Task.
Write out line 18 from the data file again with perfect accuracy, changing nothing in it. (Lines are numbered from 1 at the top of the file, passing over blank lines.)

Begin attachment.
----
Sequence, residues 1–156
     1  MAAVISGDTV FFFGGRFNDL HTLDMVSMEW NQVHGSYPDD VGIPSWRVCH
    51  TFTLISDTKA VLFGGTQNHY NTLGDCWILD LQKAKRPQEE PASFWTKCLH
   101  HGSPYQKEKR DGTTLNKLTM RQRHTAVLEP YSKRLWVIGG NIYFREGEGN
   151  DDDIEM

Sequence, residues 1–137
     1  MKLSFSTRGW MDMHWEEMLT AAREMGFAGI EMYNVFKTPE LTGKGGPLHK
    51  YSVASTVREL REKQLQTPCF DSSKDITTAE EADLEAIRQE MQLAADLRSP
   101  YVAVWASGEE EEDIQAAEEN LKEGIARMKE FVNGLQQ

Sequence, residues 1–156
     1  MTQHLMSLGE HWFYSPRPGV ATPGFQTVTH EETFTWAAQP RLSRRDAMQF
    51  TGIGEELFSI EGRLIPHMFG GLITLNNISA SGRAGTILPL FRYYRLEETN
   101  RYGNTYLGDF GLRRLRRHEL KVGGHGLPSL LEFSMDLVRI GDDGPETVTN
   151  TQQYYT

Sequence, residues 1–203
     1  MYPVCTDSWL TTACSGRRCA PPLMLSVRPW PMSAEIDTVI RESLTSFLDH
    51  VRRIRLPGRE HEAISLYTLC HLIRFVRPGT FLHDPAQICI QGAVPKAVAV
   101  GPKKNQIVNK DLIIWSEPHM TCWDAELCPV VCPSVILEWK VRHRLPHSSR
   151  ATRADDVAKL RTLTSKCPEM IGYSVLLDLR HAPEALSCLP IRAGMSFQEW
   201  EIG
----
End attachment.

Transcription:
   101  GPKKNQIVNK DLIIWSEPHM TCWDAELCPV VCPSVILEWK VRHRLPHSSR